Jun 15, 2022
For Pastors Who Want to Quit, Self-Care & Soul-Care Slip
Barna data collected in October of 2021 and March of 2022 show that U.S. senior pastors are increasingly more likely to have considered leaving full-time ministry in the past year. What are some of the factors behind this uptick?
The Barna research offers a glimpse into what’s causing pastoral burnout—and perhaps influencing their decisions to leave or stay. Here, we’ll explore pastors’ prioritization of self-care and spiritual formation during their time in ministry.
Despite Challenges, 47% of Pastors Cannot See Themselves Doing Anything Else
At first glance, pastors seem to be doing okay. When looking at all U.S. Protestant senior pastors, most at least somewhat agree that, despite ministry challenges, they cannot see themselves doing anything else (47% strongly agree, 30% somewhat agree) and that they feel rewarded in their role as pastor (31% strongly agree, 44% somewhat agree).
As you can see in the above chart, pastors’ agreement is more muted, however, when it comes to saying self-care is a priority. Lifting another layer—looking specifically at pastors who have or have not considered quitting in the past year—exposes some of the stark contrasts in pastors’ well-being and self-care.
While 63 percent of pastors who have not considered quitting full-time ministry strongly agree they cannot see themselves doing anything else despite the challenges of being a pastor, only one-quarter of pastors who have considered leaving (25%) says the same. Additionally, pastors who haven’t considered quitting are more likely to strongly agree they feel rewarded in their role as pastors compared to those who’ve thought about leaving (44%. vs. 13%).
A side-by-side comparison shows that pastors who have considered quitting full-time ministry are more likely to agree they feel like their own spiritual formation has taken a back seat to pastoral duties (24% vs. 8% of those who haven’t considered quitting strongly agree). They are also more likely to say they often feel depressed (13% vs. 2% strongly agree), and just one in 10 agrees they prioritize their self-care as a pastor (10% vs. 18% strongly agree).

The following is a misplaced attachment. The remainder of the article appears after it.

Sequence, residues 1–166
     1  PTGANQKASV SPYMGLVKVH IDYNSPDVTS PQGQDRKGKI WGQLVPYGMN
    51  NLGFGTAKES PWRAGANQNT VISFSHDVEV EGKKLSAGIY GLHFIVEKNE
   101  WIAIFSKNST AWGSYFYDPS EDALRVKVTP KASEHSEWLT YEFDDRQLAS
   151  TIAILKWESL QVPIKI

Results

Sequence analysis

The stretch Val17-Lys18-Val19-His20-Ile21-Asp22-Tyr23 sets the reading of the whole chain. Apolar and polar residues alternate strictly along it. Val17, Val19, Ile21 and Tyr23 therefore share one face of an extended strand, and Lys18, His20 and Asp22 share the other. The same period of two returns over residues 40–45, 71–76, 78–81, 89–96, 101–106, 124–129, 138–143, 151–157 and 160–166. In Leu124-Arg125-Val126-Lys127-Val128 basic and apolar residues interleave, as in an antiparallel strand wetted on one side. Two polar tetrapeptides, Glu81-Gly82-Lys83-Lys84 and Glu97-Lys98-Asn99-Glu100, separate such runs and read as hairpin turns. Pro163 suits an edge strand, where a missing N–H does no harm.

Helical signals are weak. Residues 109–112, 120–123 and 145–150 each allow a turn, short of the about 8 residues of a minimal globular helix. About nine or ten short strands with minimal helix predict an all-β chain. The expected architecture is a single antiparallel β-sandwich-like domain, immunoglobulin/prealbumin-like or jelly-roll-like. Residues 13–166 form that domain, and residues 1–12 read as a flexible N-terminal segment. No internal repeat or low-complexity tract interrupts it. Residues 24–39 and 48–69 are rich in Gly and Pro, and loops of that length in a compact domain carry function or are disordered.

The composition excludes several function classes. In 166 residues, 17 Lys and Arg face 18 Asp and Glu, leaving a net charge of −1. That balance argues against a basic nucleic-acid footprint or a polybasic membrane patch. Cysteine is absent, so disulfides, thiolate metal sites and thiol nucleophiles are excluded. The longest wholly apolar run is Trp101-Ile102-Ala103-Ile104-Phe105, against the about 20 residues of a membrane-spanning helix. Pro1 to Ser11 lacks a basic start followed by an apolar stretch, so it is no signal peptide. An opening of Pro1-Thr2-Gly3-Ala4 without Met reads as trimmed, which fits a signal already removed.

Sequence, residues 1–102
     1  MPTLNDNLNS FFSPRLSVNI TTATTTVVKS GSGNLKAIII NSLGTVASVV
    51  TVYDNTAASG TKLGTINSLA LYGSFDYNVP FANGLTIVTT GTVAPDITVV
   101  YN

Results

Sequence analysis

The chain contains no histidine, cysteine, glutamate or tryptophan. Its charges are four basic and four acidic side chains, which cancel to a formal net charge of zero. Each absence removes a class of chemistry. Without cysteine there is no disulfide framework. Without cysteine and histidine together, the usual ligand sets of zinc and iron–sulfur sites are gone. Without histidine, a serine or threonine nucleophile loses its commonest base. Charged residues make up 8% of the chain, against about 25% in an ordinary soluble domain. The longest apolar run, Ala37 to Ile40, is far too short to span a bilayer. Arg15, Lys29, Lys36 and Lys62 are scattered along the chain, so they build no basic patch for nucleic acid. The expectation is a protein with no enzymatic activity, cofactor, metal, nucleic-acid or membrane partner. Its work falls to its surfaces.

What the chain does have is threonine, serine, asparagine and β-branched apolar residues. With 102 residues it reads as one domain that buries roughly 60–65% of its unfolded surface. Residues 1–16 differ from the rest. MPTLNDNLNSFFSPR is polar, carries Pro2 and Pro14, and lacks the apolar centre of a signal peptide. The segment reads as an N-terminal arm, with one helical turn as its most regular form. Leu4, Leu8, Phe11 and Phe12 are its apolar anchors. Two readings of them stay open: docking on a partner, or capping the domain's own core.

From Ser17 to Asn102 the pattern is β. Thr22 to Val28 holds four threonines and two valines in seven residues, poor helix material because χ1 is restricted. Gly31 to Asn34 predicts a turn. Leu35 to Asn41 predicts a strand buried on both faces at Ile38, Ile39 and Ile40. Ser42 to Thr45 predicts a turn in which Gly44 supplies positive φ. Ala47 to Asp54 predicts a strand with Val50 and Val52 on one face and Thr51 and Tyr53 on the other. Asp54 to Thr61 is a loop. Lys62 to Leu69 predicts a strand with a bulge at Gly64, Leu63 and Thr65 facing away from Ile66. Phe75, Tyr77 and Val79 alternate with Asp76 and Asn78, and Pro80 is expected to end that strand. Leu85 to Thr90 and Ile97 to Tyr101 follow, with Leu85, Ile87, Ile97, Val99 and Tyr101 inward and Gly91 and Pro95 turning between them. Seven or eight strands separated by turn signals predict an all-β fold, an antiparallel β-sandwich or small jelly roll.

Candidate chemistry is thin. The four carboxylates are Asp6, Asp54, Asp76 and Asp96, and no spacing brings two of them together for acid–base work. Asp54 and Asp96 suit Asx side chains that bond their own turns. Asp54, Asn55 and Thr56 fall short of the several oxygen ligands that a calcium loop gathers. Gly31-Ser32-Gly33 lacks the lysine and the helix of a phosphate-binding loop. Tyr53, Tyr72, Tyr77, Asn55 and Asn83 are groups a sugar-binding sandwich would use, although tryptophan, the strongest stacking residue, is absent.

Is spiritual formation indeed moving to the back-burner for pastors who are contemplating a career change? When it comes to weekly faith practices that might help sustain pastors’ well-being, data highlight notable differences between pastors who have considered quitting and those who have not. While all pastors prioritize praying throughout the week, pastors who have considered leaving are less likely than other pastors to prioritize reading the Bible for personal devotions (70% vs. 80%) and time to worship (58% vs. 68%) on a weekly basis. Still, the majority of either group is engaging in these practices weekly. Could the sense that spiritual formation is taking a backseat be compounded by other stressors?
Between the stressful situations that cause pastors to consider leaving ministry and their struggles to prioritize self-care and spiritual formation, pastors who are burning out and considering quitting full-time ministry are in need of encouragement, rest and refreshment.
Dr. Matthew D. Kim, professor at Gordon-Conwell University, offers thanks and encouragement to pastors in a recent Barna Mini Masterclass episode, stating, “[Pastors,] thank you for your faithful service to God, especially in light of what we’ve gone through these last years. It’s a tough time to be a pastor and serve God in this way. … Remember that God has gifted you and has wired you with a personality and the ability to communicate in a very unique way. … I pray that you would be encouraged in this next season of ministry.”
About the Research
March 2022 Pastor Survey data: Barna Group conducted this online survey among 510 Protestant Senior Pastors from March 10–16, 2022. Participants are all members of Barna Group’s Church Panel. Minimal weighting has been used to ensure the sample is representative based on denomination, region and church size.
© Barna Group, 2022.
Since 1984, Barna Group has conducted more than two million interviews over the course of thousands of studies and has become a go-to source for insights about faith, culture, leadership, vocation and generations. Barna is a private, non-partisan, for-profit organization.
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